11th March 2015
The street with the worst broadband in Britain has speeds that are 135 times slower than the road with the fastest connection, a new poll has revealed.
Williamson Road in Romney Marsh, Kent, has a dire average speed of 0.54Mbps – 135 times slower than Sandy Lane in Cannock, Staffordshire which has the fastest average speed at 72.86Mbps, the survey by comparison website uSwitch.com found.
On Williamson Road it would take 19 hours to download a two-hour HD film, 2.5 hours to download a 45-minute HD TV show and 49 minutes to download a 20-song album.
By contrast, on Sandy Lane, it would take eight minutes to download a two-hour HD film, one minute to download a 45-minute HD TV show, and 22 seconds to download a 20-song album.
Broadband on Williamson Road is 42 times slower than the UK average speed (22.8Mbps).
The study also revealed a North-South divide: the North of England offers twice as many speedy streets as the South.
According to the research, which is based on more than one million speed tests run by broadband users over six months, a third (34%) of the UK still struggles with sub 5Mbps speeds, while an unlucky 23% make do with sluggish speeds of less than 3Mbps
But the number of people enjoying superfast speeds is growing. More than a fifth (22%) of broadband users are now getting average speeds of 30+Mbps – up from 15% a year ago.
However, despite fibre broadband now being available to 78% of the population, a recent uSwitch survey revealed that awareness of fibre broadband is still very low – less than a third (31%) believe they can access it in their local area.
Ewan Taylor-Gibson, broadband expert at uSwitch.com, said: “On the UK’s slowest street broadband speeds are so sluggish you could fly to the Bahamas and back again in the time it takes to download a film.
“Likely causes include the user’s distance from the nearest exchange or issues within the properties themselves. Wireless connections can be affected by the thickness of walls, for example, but your broadband provider can usually offer a solution if that’s the case.”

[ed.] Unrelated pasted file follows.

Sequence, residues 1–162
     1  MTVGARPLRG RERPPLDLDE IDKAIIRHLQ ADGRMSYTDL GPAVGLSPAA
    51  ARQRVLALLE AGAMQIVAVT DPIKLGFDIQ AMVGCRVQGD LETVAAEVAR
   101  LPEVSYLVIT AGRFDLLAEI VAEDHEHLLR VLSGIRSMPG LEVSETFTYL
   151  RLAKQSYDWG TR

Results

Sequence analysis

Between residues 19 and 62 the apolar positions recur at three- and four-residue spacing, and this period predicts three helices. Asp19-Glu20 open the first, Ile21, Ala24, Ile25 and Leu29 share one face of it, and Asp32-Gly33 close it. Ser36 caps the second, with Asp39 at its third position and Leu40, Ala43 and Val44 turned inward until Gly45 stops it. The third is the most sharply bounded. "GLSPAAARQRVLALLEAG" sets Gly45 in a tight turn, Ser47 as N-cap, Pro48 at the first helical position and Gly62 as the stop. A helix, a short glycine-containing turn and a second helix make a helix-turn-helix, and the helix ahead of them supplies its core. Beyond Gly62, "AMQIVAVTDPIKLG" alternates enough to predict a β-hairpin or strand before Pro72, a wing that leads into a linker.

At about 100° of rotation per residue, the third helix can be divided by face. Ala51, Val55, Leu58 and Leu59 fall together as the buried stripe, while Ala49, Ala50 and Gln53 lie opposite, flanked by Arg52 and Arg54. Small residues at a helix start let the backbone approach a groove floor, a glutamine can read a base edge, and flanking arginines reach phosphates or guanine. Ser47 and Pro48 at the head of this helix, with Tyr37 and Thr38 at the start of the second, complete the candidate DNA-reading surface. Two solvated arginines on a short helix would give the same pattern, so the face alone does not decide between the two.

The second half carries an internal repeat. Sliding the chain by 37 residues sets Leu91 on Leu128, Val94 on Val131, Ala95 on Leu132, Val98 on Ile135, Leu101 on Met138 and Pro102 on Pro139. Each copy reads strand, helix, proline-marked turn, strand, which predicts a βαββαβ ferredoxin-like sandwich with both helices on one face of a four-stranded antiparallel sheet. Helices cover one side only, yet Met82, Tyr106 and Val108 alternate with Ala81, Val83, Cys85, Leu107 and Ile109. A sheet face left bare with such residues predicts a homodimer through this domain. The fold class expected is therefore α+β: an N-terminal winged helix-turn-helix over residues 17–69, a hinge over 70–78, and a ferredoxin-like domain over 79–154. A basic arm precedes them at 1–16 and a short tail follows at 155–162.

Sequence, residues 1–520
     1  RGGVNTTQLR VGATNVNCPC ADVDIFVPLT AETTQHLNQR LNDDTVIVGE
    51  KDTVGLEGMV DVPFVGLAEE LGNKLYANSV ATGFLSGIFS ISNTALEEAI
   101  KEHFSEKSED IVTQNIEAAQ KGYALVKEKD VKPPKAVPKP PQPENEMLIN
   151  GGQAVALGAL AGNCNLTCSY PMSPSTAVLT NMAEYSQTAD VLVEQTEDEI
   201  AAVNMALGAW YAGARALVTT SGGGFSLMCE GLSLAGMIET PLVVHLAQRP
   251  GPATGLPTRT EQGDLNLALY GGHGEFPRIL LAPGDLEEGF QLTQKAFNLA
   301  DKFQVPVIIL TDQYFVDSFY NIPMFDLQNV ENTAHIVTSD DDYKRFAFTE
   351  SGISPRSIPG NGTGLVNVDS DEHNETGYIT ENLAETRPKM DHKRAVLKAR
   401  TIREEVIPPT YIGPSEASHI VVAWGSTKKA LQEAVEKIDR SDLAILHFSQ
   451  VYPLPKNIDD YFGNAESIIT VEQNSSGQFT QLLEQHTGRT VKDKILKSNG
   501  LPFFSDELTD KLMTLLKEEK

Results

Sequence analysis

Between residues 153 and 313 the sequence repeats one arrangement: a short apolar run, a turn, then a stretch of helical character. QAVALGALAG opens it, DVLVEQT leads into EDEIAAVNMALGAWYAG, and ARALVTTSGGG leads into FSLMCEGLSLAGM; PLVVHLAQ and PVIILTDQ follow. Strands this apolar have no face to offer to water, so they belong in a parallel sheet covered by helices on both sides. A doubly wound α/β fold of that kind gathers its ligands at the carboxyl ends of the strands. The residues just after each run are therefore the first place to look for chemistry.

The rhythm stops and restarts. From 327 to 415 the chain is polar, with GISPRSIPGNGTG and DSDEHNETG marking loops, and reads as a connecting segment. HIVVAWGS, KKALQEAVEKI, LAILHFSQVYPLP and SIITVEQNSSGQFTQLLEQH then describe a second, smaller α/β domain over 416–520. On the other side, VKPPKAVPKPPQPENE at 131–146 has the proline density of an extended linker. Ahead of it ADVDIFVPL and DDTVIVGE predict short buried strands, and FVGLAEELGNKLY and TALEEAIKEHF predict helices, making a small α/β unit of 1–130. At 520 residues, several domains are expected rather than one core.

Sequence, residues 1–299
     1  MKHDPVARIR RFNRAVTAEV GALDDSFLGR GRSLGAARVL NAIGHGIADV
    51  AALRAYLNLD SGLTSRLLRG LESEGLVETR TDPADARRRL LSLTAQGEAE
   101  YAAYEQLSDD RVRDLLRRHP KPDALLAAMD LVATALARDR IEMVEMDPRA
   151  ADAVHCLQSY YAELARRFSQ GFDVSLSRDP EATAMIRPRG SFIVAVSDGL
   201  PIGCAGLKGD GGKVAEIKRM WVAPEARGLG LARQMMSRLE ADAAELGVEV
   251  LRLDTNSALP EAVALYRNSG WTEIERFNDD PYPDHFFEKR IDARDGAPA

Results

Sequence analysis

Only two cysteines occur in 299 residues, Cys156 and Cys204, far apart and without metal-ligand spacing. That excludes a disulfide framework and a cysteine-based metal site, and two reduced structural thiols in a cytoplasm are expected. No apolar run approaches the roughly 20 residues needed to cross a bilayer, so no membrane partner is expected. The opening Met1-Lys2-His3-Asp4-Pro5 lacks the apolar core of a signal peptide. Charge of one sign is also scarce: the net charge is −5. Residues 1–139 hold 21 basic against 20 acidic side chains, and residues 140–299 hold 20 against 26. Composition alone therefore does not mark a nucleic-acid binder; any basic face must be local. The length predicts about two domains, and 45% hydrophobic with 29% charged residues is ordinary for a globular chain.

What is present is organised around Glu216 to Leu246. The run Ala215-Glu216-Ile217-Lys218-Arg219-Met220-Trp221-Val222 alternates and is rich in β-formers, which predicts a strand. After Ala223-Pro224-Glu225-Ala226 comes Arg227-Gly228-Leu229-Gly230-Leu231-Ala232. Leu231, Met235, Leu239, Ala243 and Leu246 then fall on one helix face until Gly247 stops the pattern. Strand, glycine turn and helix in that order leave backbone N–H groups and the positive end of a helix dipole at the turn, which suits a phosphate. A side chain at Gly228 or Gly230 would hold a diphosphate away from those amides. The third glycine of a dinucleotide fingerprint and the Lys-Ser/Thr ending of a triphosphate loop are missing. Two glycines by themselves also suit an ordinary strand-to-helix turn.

But those willing to pay more for their broadband could access higher speeds, even in some of the broadband blackspots, Taylor-Gibson said. “We looked at which of the 30 slowest streets had superfast availability and, interestingly, 37% of them do, but residents have obviously chosen not to take up superfast services.
“More needs to be done to increase awareness of fibre availability and its benefits. Superfast broadband isn’t as expensive as some users might think, with prices averaging an extra £9 a month on top of standard broadband costs.
He added: “A recent House of Lords report called for broadband to be defined as a public utility and voiced concerns about the delivery of superfast services. Terrible speeds can isolate people and take their toll on businesses, schools, even house prices. A nationwide rollout of fibre broadband to the furthest and most remote corners of the UK has never been more urgent.”
Anyone frustrated with their broadband service can test their speeds and compare their results to other local users with different providers here: www.uswitch.com/broadband/speedtest